Pune: Afour-day spell of un-seasonal rains could well mean an extended season and record production for strawberry farmers in Maharashtra’s twin hill towns of Panchgani-Mahabaleshwar, a region that produces more than 80% of the fruit in the country.
The rains have brought temperatures down and replenished groundwater levels in the region. As a result, the strawberry season, which was about to close, will get a new lease of life and a fresh crop is expected to hit the market from the first week of April.
Strawberry lovers can look forward to an extended season that will last till mid-May, said Kisan Bhilare, vice-president, All-India Strawberry Grower’s Association.
The drop in temperature also means the towns, tucked away in the Shayadru ranges, will produce at least an additional 1,000 tonne of the fruit over the next few weeks. The region had a record production of 13,000 tonnes in 2007-08, up from last year’s 10,000 tonne. If the temperature stays low, the figure could reach 15,000 tonnes.
For the farmers, this means an additional month of business, although prices have come down to Rs40 per kg from a peak of Rs250-300 per kg for the first flush of the fruit in January.
“Even that is additional earnings for the farmers whose families largely live on the earnings during the strawberry season,” Bhilare said.
The strawberry crop thrives in cool climate and needs continuous supply of water, which is why the season usually ends in April when temperatures go up. This year, with the un-seasonal rains, the fruit will be available for sale to summer holiday crowds who usually arrive about mid-April.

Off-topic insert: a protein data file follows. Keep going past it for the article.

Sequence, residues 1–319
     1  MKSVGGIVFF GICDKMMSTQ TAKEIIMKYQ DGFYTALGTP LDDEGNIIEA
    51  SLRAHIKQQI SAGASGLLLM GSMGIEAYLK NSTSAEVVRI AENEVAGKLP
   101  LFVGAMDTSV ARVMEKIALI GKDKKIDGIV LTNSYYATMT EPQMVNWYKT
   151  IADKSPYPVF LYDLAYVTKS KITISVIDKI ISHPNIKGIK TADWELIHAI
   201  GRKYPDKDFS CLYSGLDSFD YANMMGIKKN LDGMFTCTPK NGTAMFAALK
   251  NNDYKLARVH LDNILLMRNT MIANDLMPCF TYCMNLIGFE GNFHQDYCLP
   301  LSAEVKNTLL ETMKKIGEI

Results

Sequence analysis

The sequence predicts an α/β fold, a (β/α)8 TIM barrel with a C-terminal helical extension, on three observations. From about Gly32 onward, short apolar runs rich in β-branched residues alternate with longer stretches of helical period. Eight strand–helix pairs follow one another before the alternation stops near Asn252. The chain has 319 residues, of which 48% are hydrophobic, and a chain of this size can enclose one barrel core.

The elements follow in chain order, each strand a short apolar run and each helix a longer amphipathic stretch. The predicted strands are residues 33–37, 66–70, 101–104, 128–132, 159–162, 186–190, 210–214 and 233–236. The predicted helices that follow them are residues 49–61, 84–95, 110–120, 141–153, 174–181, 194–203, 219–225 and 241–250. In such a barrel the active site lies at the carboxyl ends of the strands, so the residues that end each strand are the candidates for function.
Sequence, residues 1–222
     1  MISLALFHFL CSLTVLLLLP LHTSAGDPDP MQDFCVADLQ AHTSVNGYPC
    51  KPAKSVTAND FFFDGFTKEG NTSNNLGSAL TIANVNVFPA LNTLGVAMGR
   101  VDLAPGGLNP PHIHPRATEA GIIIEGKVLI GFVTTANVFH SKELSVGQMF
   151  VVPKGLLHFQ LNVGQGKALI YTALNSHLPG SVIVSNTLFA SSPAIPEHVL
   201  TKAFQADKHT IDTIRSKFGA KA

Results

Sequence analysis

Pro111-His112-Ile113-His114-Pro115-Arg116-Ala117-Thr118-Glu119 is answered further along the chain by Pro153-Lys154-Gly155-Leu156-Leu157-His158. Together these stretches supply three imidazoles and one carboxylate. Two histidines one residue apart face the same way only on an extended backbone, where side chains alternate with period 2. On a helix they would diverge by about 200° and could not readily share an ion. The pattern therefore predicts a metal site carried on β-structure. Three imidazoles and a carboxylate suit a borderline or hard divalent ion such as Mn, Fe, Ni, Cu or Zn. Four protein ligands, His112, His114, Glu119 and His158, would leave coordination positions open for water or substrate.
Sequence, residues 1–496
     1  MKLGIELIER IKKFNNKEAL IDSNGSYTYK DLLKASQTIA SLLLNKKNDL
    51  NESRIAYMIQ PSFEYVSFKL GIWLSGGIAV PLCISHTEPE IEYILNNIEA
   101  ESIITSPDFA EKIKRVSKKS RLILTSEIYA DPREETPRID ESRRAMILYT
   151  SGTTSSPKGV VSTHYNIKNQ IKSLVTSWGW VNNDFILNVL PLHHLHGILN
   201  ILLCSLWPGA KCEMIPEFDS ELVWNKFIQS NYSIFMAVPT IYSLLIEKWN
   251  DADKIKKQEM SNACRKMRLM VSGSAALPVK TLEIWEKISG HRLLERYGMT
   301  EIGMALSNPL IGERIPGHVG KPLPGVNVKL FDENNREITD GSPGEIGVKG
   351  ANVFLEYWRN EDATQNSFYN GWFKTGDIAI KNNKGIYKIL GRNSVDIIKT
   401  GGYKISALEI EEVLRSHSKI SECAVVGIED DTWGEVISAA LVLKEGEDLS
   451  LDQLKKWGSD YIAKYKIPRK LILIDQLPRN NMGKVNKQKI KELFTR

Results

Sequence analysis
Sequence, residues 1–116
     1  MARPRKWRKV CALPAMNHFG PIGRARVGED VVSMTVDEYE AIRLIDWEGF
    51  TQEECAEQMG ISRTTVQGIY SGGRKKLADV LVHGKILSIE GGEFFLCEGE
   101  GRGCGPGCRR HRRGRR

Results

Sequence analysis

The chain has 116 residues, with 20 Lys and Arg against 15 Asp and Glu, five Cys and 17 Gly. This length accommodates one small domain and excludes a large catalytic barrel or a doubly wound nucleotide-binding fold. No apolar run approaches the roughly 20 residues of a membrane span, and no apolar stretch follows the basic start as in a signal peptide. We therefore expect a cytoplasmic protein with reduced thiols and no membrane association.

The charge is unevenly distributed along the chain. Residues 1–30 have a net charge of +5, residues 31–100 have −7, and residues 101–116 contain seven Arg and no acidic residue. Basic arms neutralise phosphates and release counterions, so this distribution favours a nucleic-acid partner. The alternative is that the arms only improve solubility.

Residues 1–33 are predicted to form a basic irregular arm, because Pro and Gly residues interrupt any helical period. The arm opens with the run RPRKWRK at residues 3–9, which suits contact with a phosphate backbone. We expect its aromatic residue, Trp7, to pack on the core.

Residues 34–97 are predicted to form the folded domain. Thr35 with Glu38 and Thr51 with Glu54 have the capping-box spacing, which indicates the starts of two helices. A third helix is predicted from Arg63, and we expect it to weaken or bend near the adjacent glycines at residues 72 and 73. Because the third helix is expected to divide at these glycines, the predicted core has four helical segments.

Meanwhile, the farmers have decided to get together and tag Panchgani-Mahabaleshwar a strawberry tourism destination, much like the vineyard tourism of Bordeaux and Champagne valley in France, where winery owners allow tourists to take leisurely strolls in their vineyards and taste their house wines.
Over 10,000 tourists from Mumbai and neighbouring places arrived at the hill towns to visit a strawberry festival over the weekend. More than 80 strawberry farms in Bhilar and other villages were opened to tourists, who were allowed to pluck and eat as much of the fruit as they could, for free.
In another part of Mahabaleshwar, Mayur Vora, managing director of Mapro Foods Pvt. Ltd, which makes jams, jellies, crushes and frozen fruit, laid out a feast for visitors. On offer were strawberry bhel, strawberry pizza, strawberry and cream and even a strawberry curry.
“The idea is to make people aware of the possibilities with this fruit,” said Vora.